In 1998, a book, EL ANATSUI: A Sculpted History of Africa was co-authored by John Picton with Gerard Houghton, Yukiya Kawaguchi, Elisabeth Lalouschek, Simon Njami and Elizabeth Péri-Willis. Highly regarded in Africa, where he is considered to be one of the leading sculptors of his generation, El Anatsui is rapidly establishing a wide international reputation. Chosen to represent the African continent at the 44th Venice Biennale in 1990, he has since participated in many exhibitions abroad – in England, Germany, Japan, the United States and Brazil – and is a leading contributor to a number of international workshops for artists. While there have been numerous articles that deal with his impressive body of work, this book represents the first attempt to draw together, under a single cover, the many aspects of El Anatsui’s singular career. The book offers those interested in the expanding field of modern art, as well as readers particularly interested in contemporary African art an overview of El Anatsui’s career and an analysis of his work to date. The various texts are complemented by carefully selected colour reproductions of his work. Just as El Anatsui is concerned with the hidden histories of different cultures, so too this volume is a composite tissue woven from different sources and written in different languages. The contributors are John Picton, Reader in African Art at SOAS, University of London; Gerard Houghton, writer and linguist at the October Gallery; Yukiya Kawaguchi, Curator at the Setagaya Art Museum of Tokyo; Elisabeth Lalouschek, Artistic Director of the October Gallery; Simon Njami, Editor of Revue Noire, Paris, and Elizabeth Péri-Willis, an expert on West African visual artistic practices.
Anatsui on materials
"About six years ago I found a big bag of liquor bottle tops apparently thrown away in the bush. At the time I was searching for a pot monument (pillars of stacked pots, each of which represents bereavement in the village) that I had seen decades before in that locality. I kept the bottle caps in the studio for several months until the idea eventually came to me that by stitching them together I could get them to articulate some statement. When the process of stitching got underway, I discovered that the result resembled a real fabric cloth. Incidentally too, the colours of the caps seemed to replicate those of traditional kente cloths. In effect, the process was subverting the stereotype of metal as a stiff, rigid medium and rather showing it as a soft, pliable, almost sensuous material capable of attaining immense dimensions and being adapted to specific spaces.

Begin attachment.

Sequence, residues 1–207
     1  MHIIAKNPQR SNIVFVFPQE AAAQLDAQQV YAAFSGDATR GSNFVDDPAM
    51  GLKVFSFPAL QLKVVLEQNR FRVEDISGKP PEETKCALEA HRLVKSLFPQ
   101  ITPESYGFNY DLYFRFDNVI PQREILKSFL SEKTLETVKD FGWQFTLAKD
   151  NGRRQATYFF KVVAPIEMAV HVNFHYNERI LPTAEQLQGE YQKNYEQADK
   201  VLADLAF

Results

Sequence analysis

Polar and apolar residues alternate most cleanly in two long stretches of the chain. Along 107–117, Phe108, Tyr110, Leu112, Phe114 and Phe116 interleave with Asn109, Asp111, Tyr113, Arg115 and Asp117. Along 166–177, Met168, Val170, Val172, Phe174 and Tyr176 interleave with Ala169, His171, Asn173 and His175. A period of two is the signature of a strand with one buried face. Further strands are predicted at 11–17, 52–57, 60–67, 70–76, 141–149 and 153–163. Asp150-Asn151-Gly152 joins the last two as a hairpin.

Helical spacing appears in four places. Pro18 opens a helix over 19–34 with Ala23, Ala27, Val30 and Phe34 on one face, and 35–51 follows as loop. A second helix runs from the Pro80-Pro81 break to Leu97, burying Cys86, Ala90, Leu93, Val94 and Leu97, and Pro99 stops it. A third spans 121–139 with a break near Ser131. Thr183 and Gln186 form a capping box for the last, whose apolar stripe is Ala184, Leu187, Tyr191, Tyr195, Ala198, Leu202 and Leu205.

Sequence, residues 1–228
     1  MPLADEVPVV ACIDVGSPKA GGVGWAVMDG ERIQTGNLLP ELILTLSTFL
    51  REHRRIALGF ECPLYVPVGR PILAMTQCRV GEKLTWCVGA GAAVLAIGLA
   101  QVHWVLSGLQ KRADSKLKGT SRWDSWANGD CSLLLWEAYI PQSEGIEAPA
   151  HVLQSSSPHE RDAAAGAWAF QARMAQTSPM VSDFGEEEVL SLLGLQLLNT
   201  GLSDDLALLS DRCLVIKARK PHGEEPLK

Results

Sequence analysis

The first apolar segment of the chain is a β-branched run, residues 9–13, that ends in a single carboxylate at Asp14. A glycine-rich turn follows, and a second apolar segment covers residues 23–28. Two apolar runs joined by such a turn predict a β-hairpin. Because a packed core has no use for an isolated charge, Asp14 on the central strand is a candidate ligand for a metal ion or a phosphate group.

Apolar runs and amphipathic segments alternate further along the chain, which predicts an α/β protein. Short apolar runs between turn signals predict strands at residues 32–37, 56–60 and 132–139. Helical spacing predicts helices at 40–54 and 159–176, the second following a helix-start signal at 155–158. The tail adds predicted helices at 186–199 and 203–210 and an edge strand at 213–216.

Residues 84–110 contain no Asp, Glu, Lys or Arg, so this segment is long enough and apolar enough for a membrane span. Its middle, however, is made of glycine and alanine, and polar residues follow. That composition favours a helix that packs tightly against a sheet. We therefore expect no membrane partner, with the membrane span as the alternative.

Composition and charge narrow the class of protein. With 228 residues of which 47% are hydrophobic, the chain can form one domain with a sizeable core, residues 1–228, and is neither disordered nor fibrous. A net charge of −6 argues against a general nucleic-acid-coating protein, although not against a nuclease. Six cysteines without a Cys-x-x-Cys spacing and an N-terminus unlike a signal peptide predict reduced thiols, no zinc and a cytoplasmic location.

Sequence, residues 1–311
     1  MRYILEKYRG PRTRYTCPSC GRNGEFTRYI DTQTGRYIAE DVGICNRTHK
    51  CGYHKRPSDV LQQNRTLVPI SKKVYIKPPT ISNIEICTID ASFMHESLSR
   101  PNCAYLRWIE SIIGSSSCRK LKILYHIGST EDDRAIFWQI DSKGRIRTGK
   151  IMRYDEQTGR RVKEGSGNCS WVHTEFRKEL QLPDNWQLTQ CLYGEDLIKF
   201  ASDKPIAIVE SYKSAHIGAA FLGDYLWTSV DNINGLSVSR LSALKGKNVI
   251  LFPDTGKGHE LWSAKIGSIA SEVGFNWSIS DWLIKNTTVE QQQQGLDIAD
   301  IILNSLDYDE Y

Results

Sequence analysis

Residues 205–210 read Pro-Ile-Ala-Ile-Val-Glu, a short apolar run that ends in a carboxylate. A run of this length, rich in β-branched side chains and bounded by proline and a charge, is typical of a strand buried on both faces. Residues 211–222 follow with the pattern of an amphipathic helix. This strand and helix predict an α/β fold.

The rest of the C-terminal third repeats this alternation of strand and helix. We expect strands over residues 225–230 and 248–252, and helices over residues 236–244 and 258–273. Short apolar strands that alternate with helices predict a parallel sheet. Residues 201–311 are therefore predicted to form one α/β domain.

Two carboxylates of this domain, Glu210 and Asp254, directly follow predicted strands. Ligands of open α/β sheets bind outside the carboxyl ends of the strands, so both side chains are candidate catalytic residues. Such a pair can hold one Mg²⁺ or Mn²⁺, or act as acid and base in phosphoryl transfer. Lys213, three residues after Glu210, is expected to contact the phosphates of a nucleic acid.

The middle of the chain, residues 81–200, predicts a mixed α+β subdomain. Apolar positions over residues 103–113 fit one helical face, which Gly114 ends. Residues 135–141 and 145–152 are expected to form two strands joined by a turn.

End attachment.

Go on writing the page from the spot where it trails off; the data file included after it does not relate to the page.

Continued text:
"To me, the bottle tops encapsulate the essence of the alcoholic drinks which were brought to Africa by Europeans as trade items at the time of the earliest contact between the two peoples. Almost all the brands I use are locally distilled. I now source the caps from distillers around Nsukka, where I live and work. I don’t see what I do as recycling; I transform the caps into something else. If there is a direct link between the bottle tops and the fabric cloths, it is probably the fact that they all have names linked to events, people, historical or current issues. Take Ecomog gin: this refers to the regional military intervention force which brought the wars in Sierra Leone and Liberia to an end. The brandy called Ebeano (meaning ‘where we are now’) references a popular electioneering slogan from the last political polls in the state in which I live. Similarly, kente cloths are given names like takpekpe le Anloga (conference at Anloga) or can be named after a personality. Fading cloth is more of a formalistic name, with the full blooded reds at the top and bottom of the cloth yielding to creams and other pale colours in the centre. Flattening and stitching the caps is laborious and repetitive – a very different process to my earlier work using power tools on wood. I have several assistants working with me, and we start with strips and eventually assemble them into the final composite results. The process of stitching, especially the repetitive aspect, slows down action and I believe makes thinking deeper. It’s like the effect of a good mantra on the mind."

Developing culture workers for improved productivity
By Ozolua Uhakheme
Tourism, Culture and National Orientation Minister, Senator Bello Jubril Gada, has charged culture workers to be properly educated on the national cultural agenda vis-a-vis their roles as important stakeholders in the nation’s desire to make culture a key sector for economic growth. He said culture could contribute significantly to national wealth creation, job creation, and poverty alleviation, if the nation’s resources are effectively mobilised.
The minister, who was represented by a director in the ministry, Chief George Ufot, spoke at a recent workshop organised by the National Institute for Cultural Orientation (NICO), on repositioning Nigerian culture workers for improved productivity held at the Hamdala Hotel, Kaduna. He stressed that the culture and tourism sector of the economy is critically relevant to the achievement of President Yar’ Adua’s seven- point agenda and the realization of vision 20-2020. He noted that as professionals in the sector, workers have a critical role to play in harnessing the cultural resources for economic gains. "We are fully convinced that if our cultural resources are adequately and effectively harnessed they will be a credible alternative to crude oil," he added.